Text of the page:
One of the reasons more and more organisations are adopting cloud services of one flavour or another is that the costs can come out of operational expenditure in nice little monthly packages instead of giant wedges of capital expenditure. Cloud also has the benefit of scale, enabling us to obtain better protected and more reliable services faster than we can often build them on-premise for the equivalent cost. However, that doesn’t mean we need to pay the recommended retail price.
We’re all now familiar with the benefits of cloud computing: limitless capacity, almost total flexibility and increased efficiency, as well as transferring costs from Capex to Opex.
Most organisations moving services to cloud over the next few years will find themselves managing a hybrid solution - a mix of in-house, third party and public cloud services. This means they’ll need to find an integrated way to manage their cloud portfolio, because every supplier will claim ‘it’s not my fault” when a problem arises, and they could waste a good deal of time tracking down the culprit.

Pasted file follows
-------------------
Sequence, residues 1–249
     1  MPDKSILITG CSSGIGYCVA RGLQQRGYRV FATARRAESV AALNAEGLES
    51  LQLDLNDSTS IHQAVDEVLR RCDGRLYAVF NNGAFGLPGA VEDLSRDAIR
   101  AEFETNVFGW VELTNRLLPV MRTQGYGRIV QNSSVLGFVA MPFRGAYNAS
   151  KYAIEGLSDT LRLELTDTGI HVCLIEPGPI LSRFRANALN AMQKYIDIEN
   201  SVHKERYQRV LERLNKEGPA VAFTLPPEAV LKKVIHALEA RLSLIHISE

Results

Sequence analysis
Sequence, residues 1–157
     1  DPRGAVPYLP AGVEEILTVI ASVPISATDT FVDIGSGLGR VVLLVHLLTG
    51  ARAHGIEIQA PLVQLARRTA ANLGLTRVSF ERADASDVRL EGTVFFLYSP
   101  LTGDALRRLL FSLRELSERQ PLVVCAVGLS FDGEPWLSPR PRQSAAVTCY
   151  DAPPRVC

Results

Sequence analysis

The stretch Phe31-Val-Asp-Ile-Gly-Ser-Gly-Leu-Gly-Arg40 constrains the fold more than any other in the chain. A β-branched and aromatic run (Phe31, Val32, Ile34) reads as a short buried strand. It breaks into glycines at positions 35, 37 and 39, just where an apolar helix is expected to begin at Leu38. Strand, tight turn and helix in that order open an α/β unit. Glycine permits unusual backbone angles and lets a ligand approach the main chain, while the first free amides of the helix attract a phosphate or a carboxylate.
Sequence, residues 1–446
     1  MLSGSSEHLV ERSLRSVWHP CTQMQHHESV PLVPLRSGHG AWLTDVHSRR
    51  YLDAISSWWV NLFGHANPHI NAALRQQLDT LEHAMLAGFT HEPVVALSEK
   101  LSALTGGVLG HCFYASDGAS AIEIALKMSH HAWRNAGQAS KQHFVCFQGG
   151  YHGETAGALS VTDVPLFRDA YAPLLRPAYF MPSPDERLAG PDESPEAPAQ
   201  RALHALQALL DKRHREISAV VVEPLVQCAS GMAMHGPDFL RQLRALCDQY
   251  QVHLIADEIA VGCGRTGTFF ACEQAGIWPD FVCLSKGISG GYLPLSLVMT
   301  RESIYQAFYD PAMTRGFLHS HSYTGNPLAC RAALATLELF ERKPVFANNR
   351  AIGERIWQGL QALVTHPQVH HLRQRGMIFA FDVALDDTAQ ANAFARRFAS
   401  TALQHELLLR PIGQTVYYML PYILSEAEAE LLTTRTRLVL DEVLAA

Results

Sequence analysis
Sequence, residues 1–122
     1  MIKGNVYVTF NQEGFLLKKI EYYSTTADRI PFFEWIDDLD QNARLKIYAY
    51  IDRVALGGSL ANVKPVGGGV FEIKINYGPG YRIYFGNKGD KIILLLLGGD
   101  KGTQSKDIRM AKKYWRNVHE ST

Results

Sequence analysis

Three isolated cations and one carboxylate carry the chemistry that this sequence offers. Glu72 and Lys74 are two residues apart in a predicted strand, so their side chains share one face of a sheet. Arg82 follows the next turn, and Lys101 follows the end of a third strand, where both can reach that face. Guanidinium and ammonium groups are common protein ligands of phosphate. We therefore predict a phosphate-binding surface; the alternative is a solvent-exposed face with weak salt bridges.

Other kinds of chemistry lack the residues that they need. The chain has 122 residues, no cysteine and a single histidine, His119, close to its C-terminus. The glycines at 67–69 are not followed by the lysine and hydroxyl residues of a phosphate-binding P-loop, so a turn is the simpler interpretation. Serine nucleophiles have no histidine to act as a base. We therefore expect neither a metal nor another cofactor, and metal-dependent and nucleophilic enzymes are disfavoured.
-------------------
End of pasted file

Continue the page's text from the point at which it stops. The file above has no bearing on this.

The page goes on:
Have you been tempted by the falling costs of public cloud services? The big players are improving their offers all the time, and with some also setting up UK data centres to meet forthcoming GDPR requirements, server/instances of a few pounds per month can look like a very good deal. And for many organisations and many services, it is.